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Keynote Address By Mr Peter Ong, Permanent Secretary For Finance And Chairman Of The Accounting And Corporate Regulatory Authority, At The Public Accountants Conference 2010

15 Jul 2010

Distinguished Guests,

Ladies and Gentlemen,

Good morning. I am delighted to join you today for ACRA's fifth annual Public Accountants Conference.

Accountancy Sector on Growth Path in Next 10 Years

2. The accountancy sector in Singapore has grown steadily over the past five years, witnessing an average growth rate of 5.7% between 2005 and 2009. In 2008, despite the slowdown in the economy, the sector achieved real growth of 3.8%. In 2009, this improved to 4.3%, outpacing the growth in the overall Singapore economy. This positive growth trend amidst challenging times demonstrates the strength and resilience of the accountancy sector.

3. The accountancy sector is a key component of Singapore's professional services industry. The various sectors comprising the industry generated a combined S$3.5 billion in value-added services in 2008, of which around 30 per cent can be attributed to the accountancy sector. As an exportable service, the accountancy sector also contributed a sizeable 15 per cent of the professional services industry's exports. And as the economic centre of gravity shifts towards Asia in the coming years, there will be more opportunities for the accountancy sector to further accelerate its growth both in Singapore and beyond.

4. The accountancy sector's positive outlook is reinforced by the fact that the larger public accountancy firms here perform regional leadership roles. Many of these firms are making significant investments to strengthen their infrastructure and enhance their professional capabilities. Singapore also benefits from having a high concentration of regional thought-leaders and technical specialists who are able to provide a wide range of high value-adding professional accountancy services, both to service local companies and also the more than 7000 MNCs based in Singapore. In addition, international professional accountancy bodies have leveraged on Singapore's strategic location and sound infrastructure to use Singapore as a gateway to penetrate Asian markets. Their presence here in turn helps to attract international talent, widening the accountancy talent pool in the process.

5. To meet the evolving needs of the regional emerging markets, the range of high-value adding professional accountancy services here would have to be widened. Nevertheless, audit will remain as the cornerstone of the services provided by the public accountancy profession.

6. Today, I will speak on two aspects of the audit function. First, the importance of the external audit function in the corporate governance framework and the need for the audit report to be substantiated by underlying audit work of high quality. And second, the need for stakeholders to build a deep appreciation of the value of audit, which would in turn, help to strengthen audit quality.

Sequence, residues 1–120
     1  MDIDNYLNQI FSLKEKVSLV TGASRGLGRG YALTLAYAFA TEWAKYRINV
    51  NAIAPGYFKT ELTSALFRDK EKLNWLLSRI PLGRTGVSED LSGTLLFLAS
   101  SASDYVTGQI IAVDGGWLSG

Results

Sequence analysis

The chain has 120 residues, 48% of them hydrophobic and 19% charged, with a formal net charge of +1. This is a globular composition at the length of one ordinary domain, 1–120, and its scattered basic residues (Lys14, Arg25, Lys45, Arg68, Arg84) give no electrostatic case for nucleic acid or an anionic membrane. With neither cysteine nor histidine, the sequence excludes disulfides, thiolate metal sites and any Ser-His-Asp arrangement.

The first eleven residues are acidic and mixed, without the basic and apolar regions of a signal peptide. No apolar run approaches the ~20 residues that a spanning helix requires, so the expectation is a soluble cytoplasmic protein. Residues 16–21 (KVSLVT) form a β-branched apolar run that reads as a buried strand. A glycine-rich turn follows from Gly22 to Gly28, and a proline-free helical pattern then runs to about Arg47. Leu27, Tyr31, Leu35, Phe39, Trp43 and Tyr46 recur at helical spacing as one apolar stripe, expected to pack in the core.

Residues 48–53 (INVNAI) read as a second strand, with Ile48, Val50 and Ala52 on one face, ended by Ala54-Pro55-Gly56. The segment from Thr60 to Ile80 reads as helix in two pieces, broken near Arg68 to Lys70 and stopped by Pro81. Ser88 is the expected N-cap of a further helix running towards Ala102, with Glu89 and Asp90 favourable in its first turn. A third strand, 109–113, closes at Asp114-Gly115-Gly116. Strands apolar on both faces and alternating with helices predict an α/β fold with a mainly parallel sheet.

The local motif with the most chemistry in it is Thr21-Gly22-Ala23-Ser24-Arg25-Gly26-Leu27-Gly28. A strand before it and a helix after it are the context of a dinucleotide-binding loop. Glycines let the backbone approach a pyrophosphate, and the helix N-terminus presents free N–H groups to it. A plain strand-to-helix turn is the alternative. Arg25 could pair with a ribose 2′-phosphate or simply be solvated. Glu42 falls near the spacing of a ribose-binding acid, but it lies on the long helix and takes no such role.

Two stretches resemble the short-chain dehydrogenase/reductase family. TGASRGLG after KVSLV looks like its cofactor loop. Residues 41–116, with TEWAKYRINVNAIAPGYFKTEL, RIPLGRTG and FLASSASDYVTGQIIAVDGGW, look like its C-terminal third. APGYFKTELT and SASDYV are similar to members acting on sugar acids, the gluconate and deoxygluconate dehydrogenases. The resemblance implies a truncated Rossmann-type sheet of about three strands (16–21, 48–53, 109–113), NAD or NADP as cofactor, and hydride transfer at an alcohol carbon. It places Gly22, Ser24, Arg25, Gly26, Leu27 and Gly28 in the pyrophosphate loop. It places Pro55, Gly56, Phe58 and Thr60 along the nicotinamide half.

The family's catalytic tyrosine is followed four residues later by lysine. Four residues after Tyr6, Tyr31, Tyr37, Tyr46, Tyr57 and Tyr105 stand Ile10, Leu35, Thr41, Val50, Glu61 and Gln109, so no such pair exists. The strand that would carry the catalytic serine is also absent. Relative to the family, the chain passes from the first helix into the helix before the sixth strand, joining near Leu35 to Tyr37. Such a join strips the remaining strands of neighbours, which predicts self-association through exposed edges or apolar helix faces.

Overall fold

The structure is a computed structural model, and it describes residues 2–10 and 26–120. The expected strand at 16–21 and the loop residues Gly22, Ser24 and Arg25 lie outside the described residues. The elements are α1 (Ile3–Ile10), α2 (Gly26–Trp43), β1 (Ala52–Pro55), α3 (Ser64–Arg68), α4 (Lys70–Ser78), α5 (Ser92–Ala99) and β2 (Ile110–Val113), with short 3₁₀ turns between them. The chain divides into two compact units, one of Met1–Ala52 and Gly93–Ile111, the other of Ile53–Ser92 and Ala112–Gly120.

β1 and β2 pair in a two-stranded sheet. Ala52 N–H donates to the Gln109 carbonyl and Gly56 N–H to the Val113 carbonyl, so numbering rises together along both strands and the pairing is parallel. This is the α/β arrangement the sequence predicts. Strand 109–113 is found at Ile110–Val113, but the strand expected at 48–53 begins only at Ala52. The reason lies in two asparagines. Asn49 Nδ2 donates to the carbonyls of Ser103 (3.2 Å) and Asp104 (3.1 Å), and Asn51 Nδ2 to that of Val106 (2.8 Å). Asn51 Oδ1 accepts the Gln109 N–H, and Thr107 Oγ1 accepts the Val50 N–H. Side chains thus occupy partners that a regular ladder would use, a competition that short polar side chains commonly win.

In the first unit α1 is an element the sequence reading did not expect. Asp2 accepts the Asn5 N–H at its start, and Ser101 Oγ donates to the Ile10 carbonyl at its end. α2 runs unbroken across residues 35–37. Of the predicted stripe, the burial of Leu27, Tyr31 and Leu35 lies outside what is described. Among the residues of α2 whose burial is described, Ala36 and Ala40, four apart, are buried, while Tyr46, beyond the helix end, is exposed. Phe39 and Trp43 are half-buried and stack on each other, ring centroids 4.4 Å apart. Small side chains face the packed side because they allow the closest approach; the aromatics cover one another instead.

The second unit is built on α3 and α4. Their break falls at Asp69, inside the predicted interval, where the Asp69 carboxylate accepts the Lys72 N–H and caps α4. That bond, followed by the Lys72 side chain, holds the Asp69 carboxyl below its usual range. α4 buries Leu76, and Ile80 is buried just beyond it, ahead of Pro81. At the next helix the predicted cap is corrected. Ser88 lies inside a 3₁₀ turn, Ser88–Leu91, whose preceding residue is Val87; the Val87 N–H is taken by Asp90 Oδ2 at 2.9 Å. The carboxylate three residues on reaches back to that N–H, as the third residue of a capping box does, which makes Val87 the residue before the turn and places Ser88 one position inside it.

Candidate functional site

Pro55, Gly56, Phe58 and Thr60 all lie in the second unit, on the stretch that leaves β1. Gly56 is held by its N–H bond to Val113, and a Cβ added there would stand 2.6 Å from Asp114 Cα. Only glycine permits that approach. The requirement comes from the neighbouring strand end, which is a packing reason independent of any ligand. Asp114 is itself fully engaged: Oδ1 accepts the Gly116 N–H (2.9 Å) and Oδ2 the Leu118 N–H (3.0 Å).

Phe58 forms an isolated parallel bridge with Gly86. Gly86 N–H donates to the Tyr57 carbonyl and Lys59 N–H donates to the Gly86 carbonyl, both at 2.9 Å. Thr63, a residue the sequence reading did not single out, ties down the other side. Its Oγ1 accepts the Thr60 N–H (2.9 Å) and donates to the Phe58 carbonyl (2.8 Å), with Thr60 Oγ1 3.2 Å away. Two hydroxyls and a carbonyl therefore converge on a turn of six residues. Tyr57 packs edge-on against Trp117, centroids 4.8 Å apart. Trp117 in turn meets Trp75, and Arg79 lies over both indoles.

The Importance of Quality Audit in Good Corporate Governance

7. A sound and robust corporate governance environment underpins Singapore's competitiveness and attractiveness as an international financial and business hub. The independent audit function, which acts as the critical external check on the reliability and credibility of a company's financial information, is a key pillar in the corporate governance framework. An effective and high quality external audit framework promotes confidence in the integrity of financial information and assists investors in their capital allocation decisions.

8. The auditor oversight architecture that has been put in place in recent years has helped to build up market confidence in the rigour and credibility of audit regulatory systems. Notwithstanding this, against the backdrop of the recent financial crisis, questions have been raised as to the extent which the different players in the audit arena should be responsible for, or could have mitigated the impact of the financial crisis.

9. In the UK, there has been much focus on what the respective stakeholders, including regulators and professional accountancy bodies, could have done to flag out the warning signs of the crisis at an early stage. A recent report from the UK Future of Banking Commission raised fundamental questions about the level of professional skepticism of auditors in relation to the audit of banks and financial institutions in the wake of the financial crisis.

10. The European Union has also recently launched a Green Paper on corporate governance which proposes radical reforms to the role of audit for banks and financial institutions. In particular, the EU proposals called for an extension of an auditor's role, which would mean that auditors could eventually validate a greater range of financial information. In addition, the Green Paper also called for greater cooperation between auditors and audit regulators and explored the idea of establishing an international audit regulator to more effectively identify and address systemic risks at a global level.